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One of the biggest lies of the systems that oppress us is that it is your individual merit that earns you anything you gain. If you work hard, we are taught, you will ascend the social ladder. If you are rich or successful, it is of your own doing. The inverse is also supposed to be true: if you are poor or struggling, it is because you haven’t worked hard enough.
The myth of the individual meritocracy is a belief that is rooted in white supremacy and patriarchy. I don’t believe this bullshit, and I don’t expect that most of you reading this do either. We know how race, class, and gender privilege lift some of us up while holding others down. We understand how these systemic factors are intertwined with individual behaviors, and that the two cannot be unwound.*
In the face of the impending crises of our time, it can be tempting to want to protect yourself and yourself alone. But I believe a better strategy is to always keep looking back for those who still need to be protected. As has been said by many advocates for justice, “None of us can truly be free until all of us are free.”**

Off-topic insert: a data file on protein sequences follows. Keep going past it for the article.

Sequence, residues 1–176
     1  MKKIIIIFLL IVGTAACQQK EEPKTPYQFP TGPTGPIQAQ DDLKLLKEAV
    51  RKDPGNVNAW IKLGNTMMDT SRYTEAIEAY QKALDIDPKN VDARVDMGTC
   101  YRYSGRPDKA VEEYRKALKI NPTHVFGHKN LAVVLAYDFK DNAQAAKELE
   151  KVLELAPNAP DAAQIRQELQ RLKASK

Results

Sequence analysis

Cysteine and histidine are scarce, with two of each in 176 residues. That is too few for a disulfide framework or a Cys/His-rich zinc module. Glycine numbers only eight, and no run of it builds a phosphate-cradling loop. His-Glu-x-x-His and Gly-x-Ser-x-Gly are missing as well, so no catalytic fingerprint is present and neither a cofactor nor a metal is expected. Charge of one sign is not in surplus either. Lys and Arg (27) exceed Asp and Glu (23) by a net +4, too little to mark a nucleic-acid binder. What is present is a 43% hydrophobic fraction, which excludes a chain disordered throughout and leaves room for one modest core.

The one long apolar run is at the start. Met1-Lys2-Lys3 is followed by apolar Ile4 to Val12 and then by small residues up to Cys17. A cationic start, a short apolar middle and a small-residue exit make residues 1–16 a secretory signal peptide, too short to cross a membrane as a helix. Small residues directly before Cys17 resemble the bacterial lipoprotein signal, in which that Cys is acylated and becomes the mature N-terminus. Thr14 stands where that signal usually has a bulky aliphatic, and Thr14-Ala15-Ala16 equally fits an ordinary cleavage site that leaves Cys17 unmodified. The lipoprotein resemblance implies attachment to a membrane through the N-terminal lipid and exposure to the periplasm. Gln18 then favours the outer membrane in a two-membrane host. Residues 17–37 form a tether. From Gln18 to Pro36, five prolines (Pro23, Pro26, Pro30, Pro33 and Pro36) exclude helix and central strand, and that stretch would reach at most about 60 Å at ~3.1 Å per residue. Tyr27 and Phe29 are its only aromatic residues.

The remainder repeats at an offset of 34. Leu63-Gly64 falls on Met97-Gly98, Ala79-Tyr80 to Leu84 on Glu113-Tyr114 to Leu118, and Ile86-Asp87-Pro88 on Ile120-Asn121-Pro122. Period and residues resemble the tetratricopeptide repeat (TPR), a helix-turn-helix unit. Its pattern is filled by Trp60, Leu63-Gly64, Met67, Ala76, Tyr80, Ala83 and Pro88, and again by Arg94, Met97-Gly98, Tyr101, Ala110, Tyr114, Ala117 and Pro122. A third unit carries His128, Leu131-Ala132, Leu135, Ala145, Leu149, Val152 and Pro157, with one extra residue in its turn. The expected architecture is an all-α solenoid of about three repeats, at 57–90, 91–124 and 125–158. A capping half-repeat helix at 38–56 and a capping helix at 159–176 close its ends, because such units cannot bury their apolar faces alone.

As evidenced by the millions of people who came together at protests and rallies around the world this weekend, the fight for justice will not be won by any one person. Despite our cultural longing for an individual savior, the truth is, we are stronger together.
So as you bolster your skills for self-care, commit yourself also to community care. Integrate yourself into your community. Ask for help when you need it. Offer help when you can give it. Seek support from friends. Build relationships like family with those around you: become each others siblings, cousins and elders. Find your kin.
Share when you have an abundance, so you may lean on others when you come up lacking. Interweave yourself with those around you. Seek interdependence rather than independence.
This is how we find safety: by being indispensable to each other. This is how we survive: by holding each other up. This is how we win: by striving towards one goal of liberation for all.
*My thinking in this article has been variously influenced by the work of Kelly Diels, Desiree Lynn Adaway, and Yashna Padamsee.
**This quote has been attributed to Fannie Lou Hamer, Martin Luther King Jr, and Mahatma Gandhi. I looked for its original source but was unable to locate it. If you can confirm, let me know!
P.S. I'm teaching a workshop series in a few weeks on how to use yogic practices to manage anxiety. I'd love to have you there. Click here for more info and to sign up.
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